Women and Minority Owned Businesses: Kingsley Quality Woodworking

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Companies that are majority owned and run by women or minorities in New York State have the chance to become certified as such, in an effort to level the playing field for state contracts. Local woodworking studio Kingsley Quality Woodworking became a certified Women Owned Business in 2017. But for Chelsey Kingsley, co-owner of the business with her husband John, one of the biggest benefits of becoming certified are the tools and resources that the business now has access to.


Kingsley Quality Woodworking started in May of 2015 after Kingsley and her husband, who both have a background in woodworking and had been running their own separate businesses at the time, decided to come together into one venture.


“We just realized that combining forces and really working together would make a big difference and it really, really has,” Kingsley said. “Each of us gets to focus on the things that we’re best at. That change alone increased sales by about 85 percent from the year before.”


Last year they decided to grow the business even more and purchased Edie and Trapper Millwork in Berkshire, just across the border into Tioga County. Now they do the custom work in the shop here in Tompkins County and do more manufacturing at the new facility.


“This year we’re slated for another jump in growth of 65 percent increase in sales. It’s been a really big year of getting to know this new business that we purchased and moving into the market, doing more sales in the Binghamton, Owego area. And of course, moving into our certification.”


Applicants for certification must wait at least a year after starting the business to file the application. Kingsley got her application submitted February of 2017 and was certified just a few weeks later because of the resources and support she found while going through the process.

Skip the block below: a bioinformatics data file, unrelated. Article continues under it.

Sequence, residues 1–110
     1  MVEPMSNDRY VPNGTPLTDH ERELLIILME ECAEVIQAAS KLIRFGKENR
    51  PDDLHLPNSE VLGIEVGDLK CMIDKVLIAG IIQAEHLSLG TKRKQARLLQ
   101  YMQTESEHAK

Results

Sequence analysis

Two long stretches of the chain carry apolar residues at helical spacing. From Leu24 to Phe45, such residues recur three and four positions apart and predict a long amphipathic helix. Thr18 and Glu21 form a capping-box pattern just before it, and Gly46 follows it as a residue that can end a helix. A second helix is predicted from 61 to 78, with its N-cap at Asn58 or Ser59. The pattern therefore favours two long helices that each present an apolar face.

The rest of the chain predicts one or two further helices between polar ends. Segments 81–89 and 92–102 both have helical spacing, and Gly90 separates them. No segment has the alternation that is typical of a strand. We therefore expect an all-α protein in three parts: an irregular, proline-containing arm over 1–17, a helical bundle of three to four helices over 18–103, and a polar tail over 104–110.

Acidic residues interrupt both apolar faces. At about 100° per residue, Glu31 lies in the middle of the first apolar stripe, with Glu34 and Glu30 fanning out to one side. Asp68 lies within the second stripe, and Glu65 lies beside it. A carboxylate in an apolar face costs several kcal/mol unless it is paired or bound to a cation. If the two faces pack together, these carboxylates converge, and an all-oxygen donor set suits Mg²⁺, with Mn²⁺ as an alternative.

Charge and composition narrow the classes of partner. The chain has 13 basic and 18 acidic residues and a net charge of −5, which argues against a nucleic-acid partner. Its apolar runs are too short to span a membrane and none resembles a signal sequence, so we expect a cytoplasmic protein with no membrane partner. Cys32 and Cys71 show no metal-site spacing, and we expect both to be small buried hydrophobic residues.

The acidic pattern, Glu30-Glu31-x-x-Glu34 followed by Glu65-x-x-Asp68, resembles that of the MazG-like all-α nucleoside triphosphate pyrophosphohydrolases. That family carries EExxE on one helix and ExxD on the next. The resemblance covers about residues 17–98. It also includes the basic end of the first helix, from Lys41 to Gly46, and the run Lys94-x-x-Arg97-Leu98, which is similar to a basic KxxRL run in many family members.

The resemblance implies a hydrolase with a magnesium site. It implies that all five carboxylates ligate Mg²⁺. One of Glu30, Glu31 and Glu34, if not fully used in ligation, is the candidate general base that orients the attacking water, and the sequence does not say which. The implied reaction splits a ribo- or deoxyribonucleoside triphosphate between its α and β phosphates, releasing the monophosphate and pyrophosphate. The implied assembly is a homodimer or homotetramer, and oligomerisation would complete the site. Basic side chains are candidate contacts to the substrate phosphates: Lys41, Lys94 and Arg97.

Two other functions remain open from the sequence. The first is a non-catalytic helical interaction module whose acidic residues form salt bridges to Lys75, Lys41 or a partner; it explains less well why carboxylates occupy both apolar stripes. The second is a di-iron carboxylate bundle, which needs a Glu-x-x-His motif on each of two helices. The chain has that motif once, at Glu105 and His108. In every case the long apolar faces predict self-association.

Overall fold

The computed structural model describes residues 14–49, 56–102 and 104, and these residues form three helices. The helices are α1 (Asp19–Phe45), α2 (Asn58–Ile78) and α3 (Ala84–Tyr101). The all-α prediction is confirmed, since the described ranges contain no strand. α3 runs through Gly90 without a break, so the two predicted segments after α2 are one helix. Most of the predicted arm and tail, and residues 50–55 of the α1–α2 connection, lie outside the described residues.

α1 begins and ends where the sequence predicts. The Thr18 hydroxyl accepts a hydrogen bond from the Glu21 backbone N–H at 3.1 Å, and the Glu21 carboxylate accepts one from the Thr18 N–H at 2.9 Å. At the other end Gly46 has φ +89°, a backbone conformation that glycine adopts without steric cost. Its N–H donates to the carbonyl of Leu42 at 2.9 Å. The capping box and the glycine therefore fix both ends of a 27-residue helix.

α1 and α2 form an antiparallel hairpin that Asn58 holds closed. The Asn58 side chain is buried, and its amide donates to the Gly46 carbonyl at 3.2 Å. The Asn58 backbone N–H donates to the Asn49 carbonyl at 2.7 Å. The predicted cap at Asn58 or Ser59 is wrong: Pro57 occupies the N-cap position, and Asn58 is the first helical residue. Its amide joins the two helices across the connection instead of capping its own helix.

“It’s taken us a little while to get much sales from it [the certification], though it has made a big difference as far as what resources are available to us. That’s been a really surprising benefit,” Kingsley said. While she said some applicants expect to see a quick rise in sales after certification, she saw an increase in resources and support from state agencies. “The first thing that I noticed was just the support structures that are available.”


Kingsley has attended workshops set up to help business owners get certified, where she was connected to numerous individuals within the state government who helped her make sure that her application was complete and fast-tracked. She was also connected to the Entrepreneurial Assistance Program (EAP) which has staff that are there specifically to help business owners become certified, going over the paperwork and making sure people will qualify before going through the process.


“They’ll go over all of your paperwork for you, and then also get behind your application and let people at the offices know that they are requesting expedition on the application,” Kingsley said.


She has been able to take advantage of several of the expos put together that connect business owners with more application help and resources. Managing an application profile can get tricky if the system doesn’t work smoothly. Such was the case when Kingsley was attempting to edit a part of her profile but it just wasn’t happening. But after a single one-on-one session with the right person, her application profile was fixed.


While becoming certified does make it easier for companies to get state contracts, for some small businesses getting those contracts is a risk. Working in the private sector typically means getting paid in a timely manner. The same cannot always be said when working with government agencies. Small companies may not be able to wait several weeks before getting paid, especially when managing more than one project at a time. But, Kingsley said that one of the resources she has found in her certification process are loans and funds available for Women and Minority Owned companies to help manage these cash flow problems for businesses trying to grow.


“They want to make sure that us smaller companies have the finances to make that jump into that realm,” she said. “And everybody related to that realm has been incredibly helpful.”


The connections she has made have helped open doors to things unrelated to her certification. Kingsley was recommended to be on a panel about forestry and wood related projects by someone she met through a Women and Minority Owned Business event.


Being certified puts businesses on a list that large project managers who might be required to diversity goals can look at. Being on this list has helped Kingsley Quality Woodwork land jobs it might otherwise not have, including a restoration job in Owego.


Her advice to anyone thinking of becoming certified is to be clear before starting the process that your business is certifiable and has met all the requirements, hold onto all your receipts related to work expenses, and keep track of the time you’re putting in. With a business like hers, owned by both Kingsley and her husband, the scrutiny to make sure that she was more than a figurehead was heavy. When Kingsley and her husband decided to start their business, becoming certified was always part of the plan. The reality has brought even more resources than she had imagined.

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